Influence of Linkage Stereochemistry and Protecting Groups on Glycosidic Bond Stability of Sodium Cationized Glycosyl Phosphates

Influence of Linkage Stereochemistry and Protecting Groups on Glycosidic Bond Stability of Sodium... Energy-resolved collision-induced dissociation (ER-CID) experiments of sodium cationized glycosyl phosphate complexes, [GP x +Na]+, are performed to elucidate the effects of linkage stereochemistry (α versus β), the geometry of the leaving groups (1,2-cis versus 1,2-trans), and protecting groups (cyclic versus non-cyclic) on the stability of the glycosyl phosphate linkage via survival yield analyses. A four parameter logistic dynamic fitting model is used to determine CID50% values, which correspond to the level of rf excitation required to produce 50% dissociation of the precursor ion complexes. Present results suggest that dissociation of 1,2-trans [GP x +Na]+ occurs via a McLafferty-type rearrangement that is facilitated by a syn orientation of the leaving groups, whereas dissociation of 1,2-cis [GPx+Na]+ is more energetic as it involves the formation of an oxocarbenium ion intermediate. Thus, the C1−C2 configuration plays a major role in determining the stability/reactivity of glycosyl phosphate stereoisomers. For 1,2-cis anomers, the cyclic protecting groups at the C4 and C6 positions stabilize the glycosidic bond, whereas for 1,2-trans anomers, the cyclic protecting groups at the C4 and C6 positions tend to activate the glycosidic bond. The C3 O-benzyl (3 BnO) substituent is key to determining whether the sugar or phosphate moiety retains the sodium cation upon CID. For 1,2-cis anomers, the 3 BnO substituent weakens the glycosidic bond, whereas for 1,2-trans anomers, the 3 BnO substituent stabilizes the glycosidic bond. The C2 O-benzyl substituent does not significantly impact the glycosidic bond stability regardless of its orientation. http://www.deepdyve.com/assets/images/DeepDyve-Logo-lg.png Journal of The American Society for Mass Spectrometry Springer Journals

Influence of Linkage Stereochemistry and Protecting Groups on Glycosidic Bond Stability of Sodium Cationized Glycosyl Phosphates

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Publisher
Springer US
Copyright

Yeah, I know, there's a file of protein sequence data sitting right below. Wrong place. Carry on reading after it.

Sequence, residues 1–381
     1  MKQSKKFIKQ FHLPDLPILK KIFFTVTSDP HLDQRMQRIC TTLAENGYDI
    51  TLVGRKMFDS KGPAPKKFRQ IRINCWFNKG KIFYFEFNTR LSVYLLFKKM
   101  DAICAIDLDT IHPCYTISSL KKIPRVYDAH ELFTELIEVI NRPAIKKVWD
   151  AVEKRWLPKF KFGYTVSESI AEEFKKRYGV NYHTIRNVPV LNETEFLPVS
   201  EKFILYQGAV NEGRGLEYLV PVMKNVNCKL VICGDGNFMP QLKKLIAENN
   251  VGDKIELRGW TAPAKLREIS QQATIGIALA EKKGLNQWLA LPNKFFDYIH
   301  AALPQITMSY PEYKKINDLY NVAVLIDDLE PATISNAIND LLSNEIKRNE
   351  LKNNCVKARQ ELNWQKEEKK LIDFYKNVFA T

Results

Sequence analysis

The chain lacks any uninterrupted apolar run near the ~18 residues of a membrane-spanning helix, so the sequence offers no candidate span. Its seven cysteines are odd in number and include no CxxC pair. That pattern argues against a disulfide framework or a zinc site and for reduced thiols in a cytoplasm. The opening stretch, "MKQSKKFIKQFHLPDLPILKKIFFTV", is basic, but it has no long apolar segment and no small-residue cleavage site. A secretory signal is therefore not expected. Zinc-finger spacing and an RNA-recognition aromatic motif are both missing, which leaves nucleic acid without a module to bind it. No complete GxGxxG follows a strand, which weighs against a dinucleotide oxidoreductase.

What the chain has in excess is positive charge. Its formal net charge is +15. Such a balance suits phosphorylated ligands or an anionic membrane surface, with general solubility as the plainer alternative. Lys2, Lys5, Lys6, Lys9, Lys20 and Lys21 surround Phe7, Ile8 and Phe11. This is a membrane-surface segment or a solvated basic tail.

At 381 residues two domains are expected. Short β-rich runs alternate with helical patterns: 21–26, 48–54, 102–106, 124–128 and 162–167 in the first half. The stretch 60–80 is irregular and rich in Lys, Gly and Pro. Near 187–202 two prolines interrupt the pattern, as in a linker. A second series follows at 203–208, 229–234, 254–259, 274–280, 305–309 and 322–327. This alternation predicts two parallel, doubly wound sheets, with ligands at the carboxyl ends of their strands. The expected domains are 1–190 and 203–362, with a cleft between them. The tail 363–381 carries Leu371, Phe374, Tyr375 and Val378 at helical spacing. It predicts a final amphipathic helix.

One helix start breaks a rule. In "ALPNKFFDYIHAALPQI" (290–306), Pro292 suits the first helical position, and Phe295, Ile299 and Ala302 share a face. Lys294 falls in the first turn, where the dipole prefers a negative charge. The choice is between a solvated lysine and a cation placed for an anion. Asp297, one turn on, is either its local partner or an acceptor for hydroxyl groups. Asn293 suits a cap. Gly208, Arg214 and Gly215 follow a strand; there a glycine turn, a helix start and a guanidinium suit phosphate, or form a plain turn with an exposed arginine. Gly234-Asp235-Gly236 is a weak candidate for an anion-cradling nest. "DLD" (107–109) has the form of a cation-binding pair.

Copyright © 2017 by American Society for Mass Spectrometry
Subject
Chemistry; Analytical Chemistry; Biotechnology; Organic Chemistry; Proteomics; Bioinformatics
ISSN
1044-0305
eISSN
1879-1123
D.O.I.
10.1007/s13361-017-1780-2
Publisher site
See Article on Publisher Site

Abstract

Energy-resolved collision-induced dissociation (ER-CID) experiments of sodium cationized glycosyl phosphate complexes, [GP x +Na]+, are performed to elucidate the effects of linkage stereochemistry (α versus β), the geometry of the leaving groups (1,2-cis versus 1,2-trans), and protecting groups (cyclic versus non-cyclic) on the stability of the glycosyl phosphate linkage via survival yield analyses. A four parameter logistic dynamic fitting model is used to determine CID50% values, which correspond to the level of rf excitation required to produce 50% dissociation of the precursor ion complexes. Present results suggest that dissociation of 1,2-trans [GP x +Na]+ occurs via a McLafferty-type rearrangement that is facilitated by a syn orientation of the leaving groups, whereas dissociation of 1,2-cis [GPx+Na]+ is more energetic as it involves the formation of an oxocarbenium ion intermediate. Thus, the C1−C2 configuration plays a major role in determining the stability/reactivity of glycosyl phosphate stereoisomers. For 1,2-cis anomers, the cyclic protecting groups at the C4 and C6 positions stabilize the glycosidic bond, whereas for 1,2-trans anomers, the cyclic protecting groups at the C4 and C6 positions tend to activate the glycosidic bond. The C3 O-benzyl (3 BnO) substituent is key to determining whether the sugar or phosphate moiety retains the sodium cation upon CID. For 1,2-cis anomers, the 3 BnO substituent weakens the glycosidic bond, whereas for 1,2-trans anomers, the 3 BnO substituent stabilizes the glycosidic bond. The C2 O-benzyl substituent does not significantly impact the glycosidic bond stability regardless of its orientation.

Journal

Journal of The American Society for Mass SpectrometrySpringer Journals

Published: Sep 18, 2017

References

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